This is where one of my disappointments lie. So many of these flash stunts have been done using computer imagery as opposed to the original where al was done using meticulously planned real life action. It's a trifle disconcerting to see that the car, an Audi, smashes through a wall with all its headlights and four-ringed badge intact. Heck, is it a supercar? But otherwise everything else was right on target.
Jason Statham plays his hard as nails character to the limit. He's a man who has his emotions so well under control that he can barely be bothered to have any. He's a bit of the anti hero everyone roots for.
It's got elaborate and inspired fight scenes. "The Transporter 2" stands a triumph of stunts over plot although the plot is pretty damn good. It's got huge loads of style although low on substance. At times it is brainless but ultimately terrific fun. It definitely outdoes the original in terms of flair. If you don't enjoy this movie for it's sheer craziness then go watch biographies.
By Adnan M.S. Fakir
YAH! HAIII! HOO!"… Honestly, I freaked out when my picchi eight-year-old cousin, screaming his lugs out, ended up banging me on my head with a stick pretending to be a samurai. As my head ached and hrobbed with pain, I asked the little fellow what he wanted to be when he grows up… "I want to learn Batto-jutsu and become a Battousai just like Ken-san." (Ken-san refers to Kenshin of the Japanese animation "Rurouni Kenshin" also known as "Samurai X"… watch it, it's about the times of the Japanese revolution with a lot of added masala). I then realized the intense curiosity in most of us, ranging from even the little kids and to grown ups, about the cryptic Japanese sword arts.
Frankly speaking when I started to write this article I was hoping to base it more on just weapons… but it ended up to be huge so I decided to cut it into two…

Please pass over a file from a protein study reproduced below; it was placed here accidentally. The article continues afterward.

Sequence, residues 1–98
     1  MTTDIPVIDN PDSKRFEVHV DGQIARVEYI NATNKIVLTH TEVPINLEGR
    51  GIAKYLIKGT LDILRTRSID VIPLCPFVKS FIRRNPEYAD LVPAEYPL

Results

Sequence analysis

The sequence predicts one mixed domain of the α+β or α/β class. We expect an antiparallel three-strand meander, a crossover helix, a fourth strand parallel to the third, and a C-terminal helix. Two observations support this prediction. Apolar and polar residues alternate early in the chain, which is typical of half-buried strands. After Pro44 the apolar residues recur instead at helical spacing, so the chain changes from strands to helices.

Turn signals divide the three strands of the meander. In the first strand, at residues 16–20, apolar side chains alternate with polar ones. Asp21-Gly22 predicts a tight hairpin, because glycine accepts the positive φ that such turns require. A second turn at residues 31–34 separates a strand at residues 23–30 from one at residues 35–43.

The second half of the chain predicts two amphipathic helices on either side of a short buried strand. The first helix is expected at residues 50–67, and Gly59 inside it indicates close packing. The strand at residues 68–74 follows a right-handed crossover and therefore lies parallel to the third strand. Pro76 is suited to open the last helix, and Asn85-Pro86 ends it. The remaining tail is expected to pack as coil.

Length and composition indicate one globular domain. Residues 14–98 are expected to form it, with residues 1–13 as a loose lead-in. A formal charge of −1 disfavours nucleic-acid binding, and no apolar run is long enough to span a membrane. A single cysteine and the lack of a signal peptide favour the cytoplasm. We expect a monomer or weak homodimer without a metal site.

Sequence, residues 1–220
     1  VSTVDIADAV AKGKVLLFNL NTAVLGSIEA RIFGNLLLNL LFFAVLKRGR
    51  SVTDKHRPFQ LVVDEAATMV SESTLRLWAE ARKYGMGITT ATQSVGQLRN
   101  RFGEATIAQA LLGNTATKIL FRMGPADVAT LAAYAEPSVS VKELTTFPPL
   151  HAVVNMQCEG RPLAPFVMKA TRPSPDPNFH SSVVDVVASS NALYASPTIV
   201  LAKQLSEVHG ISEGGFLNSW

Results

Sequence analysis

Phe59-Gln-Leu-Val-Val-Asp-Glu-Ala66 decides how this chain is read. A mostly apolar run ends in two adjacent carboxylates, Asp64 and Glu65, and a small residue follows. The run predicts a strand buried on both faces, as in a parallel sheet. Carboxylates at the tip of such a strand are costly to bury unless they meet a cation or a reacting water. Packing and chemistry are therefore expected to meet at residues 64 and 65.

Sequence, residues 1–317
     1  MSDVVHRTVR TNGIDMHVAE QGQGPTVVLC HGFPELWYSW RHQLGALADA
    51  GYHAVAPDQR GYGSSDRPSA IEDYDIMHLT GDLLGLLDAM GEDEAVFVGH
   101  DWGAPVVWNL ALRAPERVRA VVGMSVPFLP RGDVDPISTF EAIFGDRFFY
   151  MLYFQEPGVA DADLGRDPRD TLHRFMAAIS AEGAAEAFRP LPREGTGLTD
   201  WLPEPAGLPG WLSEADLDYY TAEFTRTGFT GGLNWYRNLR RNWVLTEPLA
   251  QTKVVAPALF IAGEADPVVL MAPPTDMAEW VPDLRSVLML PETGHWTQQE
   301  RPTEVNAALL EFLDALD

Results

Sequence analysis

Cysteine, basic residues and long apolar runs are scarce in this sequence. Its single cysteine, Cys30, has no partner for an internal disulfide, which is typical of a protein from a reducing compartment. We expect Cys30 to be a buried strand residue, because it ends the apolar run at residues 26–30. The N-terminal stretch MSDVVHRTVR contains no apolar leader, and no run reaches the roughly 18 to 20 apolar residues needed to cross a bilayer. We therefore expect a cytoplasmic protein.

one focusing mostly on the different Japanese sword styles and swords. I am sure many of us here have heard about kenjutsu, kendo, iaido, iaijutsu and all…
but how much do we know about them or even can differentiate them. Well, if you are interested please read on…
The Japanese culture is heavily imbued with the sword. In fact, one of the three objects of possession required to be Emperor is a sword. This Imperial Regalia has been handed down, generation after generation, to the ruler of Japan; the Jewel, the Mirror, and the Sword. The Imperial Regalia is held in the Shinto shrine at Ise, near the traditional home of the Imperial family Nara. The ancient legend of the Shinto that tells of the origin of the islands themselves refers to a bladed weapon which was dipped into the sea and the drops of water off of the tip became the islands of Japan.
Japanese legend says that the gifted sword maker Amakuni was the one to develop the classically styled Japanese sword: long, single edged and curved with a two handed grip. Amakuni is thought to have lived in about 720 AD. Prior to this time, the swords were developed from copies of Chinese and Korean designs. Straight, single or double edged, and usually two handed grips. Two things happened with the advent of the Japanese style. First, the blade became a very effective cutting weapon, even against armor. And two, its deployment changed which allowed the rise of a distinct style of Japanese Swordsmanship.
What is Kendo and Kenjutsu?